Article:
For our second pairing, more on the mild side would be served up yet again each would show off Voltaggio’s flare for modernist cuisine while remaining firmly rooted in California’s bountiful growing season. Beginning first with the lightest dish of the evening – “Fluke crudo, romaine hearts, fried Caesar dressing, lemon oil” would arrive as an opaque drape of mild fish resting overtop the very heart of a romaine lettuce trimmed to fit the plate and kissed with lemon vinaigrette. Tasty on its own and complimented with radishes, herbs, and esplette what truly made this dish fun was in fact the dressing – small cubes with a golden flaky shell that burst into the creamy flavor of Caesar when cut or eaten whole. Sure it is a trick I’d seen before but it was delicious none the less.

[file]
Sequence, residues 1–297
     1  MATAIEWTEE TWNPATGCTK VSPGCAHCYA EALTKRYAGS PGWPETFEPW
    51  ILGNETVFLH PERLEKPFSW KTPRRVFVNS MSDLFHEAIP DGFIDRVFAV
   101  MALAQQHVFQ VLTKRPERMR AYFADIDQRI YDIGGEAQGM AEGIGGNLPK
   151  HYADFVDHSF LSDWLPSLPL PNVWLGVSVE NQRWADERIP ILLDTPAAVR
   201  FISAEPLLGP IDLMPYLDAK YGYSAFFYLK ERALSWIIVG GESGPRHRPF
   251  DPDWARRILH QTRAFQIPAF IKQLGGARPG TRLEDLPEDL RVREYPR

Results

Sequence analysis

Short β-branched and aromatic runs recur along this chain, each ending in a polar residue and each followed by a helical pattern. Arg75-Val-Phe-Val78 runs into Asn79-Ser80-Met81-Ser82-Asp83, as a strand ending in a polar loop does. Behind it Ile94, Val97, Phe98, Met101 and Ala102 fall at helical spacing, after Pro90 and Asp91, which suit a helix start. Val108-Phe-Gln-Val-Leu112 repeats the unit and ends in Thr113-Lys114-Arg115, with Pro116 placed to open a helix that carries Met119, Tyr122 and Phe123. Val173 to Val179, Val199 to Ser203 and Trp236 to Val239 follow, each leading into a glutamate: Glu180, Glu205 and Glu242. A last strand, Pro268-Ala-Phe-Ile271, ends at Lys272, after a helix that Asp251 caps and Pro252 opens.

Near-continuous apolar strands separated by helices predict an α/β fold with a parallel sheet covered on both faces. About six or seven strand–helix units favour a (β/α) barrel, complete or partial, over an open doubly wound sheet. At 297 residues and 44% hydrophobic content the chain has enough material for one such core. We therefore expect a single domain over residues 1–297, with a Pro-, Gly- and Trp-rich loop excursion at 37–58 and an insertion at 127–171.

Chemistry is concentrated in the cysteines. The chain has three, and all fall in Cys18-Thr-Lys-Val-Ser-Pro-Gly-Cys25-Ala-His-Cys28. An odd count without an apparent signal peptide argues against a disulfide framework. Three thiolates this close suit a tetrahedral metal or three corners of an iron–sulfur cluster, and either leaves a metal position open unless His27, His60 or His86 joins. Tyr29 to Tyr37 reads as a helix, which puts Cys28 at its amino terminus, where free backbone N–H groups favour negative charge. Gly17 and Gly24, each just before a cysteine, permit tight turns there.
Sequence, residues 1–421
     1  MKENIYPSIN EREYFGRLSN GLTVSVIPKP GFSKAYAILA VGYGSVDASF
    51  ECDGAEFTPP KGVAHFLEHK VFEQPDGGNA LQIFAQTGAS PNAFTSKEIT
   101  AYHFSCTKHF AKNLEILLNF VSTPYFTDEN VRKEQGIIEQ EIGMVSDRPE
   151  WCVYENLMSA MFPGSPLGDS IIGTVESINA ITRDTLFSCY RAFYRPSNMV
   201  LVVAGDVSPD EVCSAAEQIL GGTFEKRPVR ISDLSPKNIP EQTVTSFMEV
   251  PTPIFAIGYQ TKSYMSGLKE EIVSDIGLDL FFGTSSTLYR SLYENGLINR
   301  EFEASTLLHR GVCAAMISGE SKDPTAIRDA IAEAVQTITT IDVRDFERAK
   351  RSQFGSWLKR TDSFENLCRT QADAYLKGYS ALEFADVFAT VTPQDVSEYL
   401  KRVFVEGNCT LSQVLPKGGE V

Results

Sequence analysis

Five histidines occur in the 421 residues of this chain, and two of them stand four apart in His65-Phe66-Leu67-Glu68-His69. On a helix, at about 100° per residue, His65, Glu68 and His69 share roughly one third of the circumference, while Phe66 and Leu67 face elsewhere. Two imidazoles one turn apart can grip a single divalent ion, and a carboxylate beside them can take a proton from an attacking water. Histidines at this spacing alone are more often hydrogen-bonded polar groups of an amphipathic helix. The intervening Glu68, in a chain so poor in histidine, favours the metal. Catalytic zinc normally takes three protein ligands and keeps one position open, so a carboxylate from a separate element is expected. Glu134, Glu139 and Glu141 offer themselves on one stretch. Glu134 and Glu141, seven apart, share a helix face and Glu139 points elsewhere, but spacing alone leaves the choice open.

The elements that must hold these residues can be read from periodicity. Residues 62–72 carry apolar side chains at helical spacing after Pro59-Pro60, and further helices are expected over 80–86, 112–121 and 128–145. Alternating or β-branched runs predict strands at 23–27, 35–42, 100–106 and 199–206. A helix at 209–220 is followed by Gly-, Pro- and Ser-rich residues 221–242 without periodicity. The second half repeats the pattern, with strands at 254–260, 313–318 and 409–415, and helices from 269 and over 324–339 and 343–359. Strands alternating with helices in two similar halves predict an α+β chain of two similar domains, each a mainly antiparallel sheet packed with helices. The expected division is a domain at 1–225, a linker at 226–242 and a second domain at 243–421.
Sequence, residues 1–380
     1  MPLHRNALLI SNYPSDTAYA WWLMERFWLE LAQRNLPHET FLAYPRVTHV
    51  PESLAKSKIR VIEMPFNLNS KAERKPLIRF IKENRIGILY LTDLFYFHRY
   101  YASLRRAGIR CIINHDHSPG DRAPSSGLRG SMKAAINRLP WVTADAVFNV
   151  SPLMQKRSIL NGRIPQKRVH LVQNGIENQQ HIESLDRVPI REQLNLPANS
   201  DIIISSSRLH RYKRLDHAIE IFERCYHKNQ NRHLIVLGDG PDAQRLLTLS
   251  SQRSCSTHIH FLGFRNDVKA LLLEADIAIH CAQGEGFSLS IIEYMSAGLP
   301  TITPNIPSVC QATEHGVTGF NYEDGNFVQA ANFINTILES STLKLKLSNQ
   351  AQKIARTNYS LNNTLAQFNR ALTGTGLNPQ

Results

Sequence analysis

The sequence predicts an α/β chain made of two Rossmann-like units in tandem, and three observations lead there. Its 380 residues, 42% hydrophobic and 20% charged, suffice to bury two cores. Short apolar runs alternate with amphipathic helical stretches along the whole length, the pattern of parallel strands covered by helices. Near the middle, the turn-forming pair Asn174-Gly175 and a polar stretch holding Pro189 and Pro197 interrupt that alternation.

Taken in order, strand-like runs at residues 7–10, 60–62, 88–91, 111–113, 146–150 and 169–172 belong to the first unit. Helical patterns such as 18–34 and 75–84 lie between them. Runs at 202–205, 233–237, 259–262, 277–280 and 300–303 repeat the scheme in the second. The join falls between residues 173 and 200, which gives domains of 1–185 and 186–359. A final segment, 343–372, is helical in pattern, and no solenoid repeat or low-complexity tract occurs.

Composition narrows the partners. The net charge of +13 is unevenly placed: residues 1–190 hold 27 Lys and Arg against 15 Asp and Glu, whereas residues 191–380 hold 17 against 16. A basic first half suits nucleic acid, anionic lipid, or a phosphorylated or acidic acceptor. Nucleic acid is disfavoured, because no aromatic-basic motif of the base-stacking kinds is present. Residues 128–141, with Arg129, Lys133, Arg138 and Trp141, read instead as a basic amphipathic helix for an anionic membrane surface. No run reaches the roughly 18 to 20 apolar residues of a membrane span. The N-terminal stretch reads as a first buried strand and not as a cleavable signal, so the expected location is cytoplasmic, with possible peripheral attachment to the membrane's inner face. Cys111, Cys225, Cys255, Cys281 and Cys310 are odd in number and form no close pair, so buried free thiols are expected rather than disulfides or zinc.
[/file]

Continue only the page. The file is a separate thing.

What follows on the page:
A second salad would arrive along with the Fluke and would be one of my favorite dishes of the evening – a bowl described as “Kale, burrata, pumpkin seeds, pumpkin preserves, yuzu” that showed off all the nuances you would expect from the list of ingredients and an adept hand in balancing the bitter kale, creamy cheese, crunchy and salty seeds, sweet pumpkin jam, and light notes of lemon. While my dining partner noted that the dish may have been slightly better with one more ball of burrata I guess I probably cheated in taking two, but all things being equal it would be hard to argue with his assessment as the burrata was very well made and more would never be a bad thing.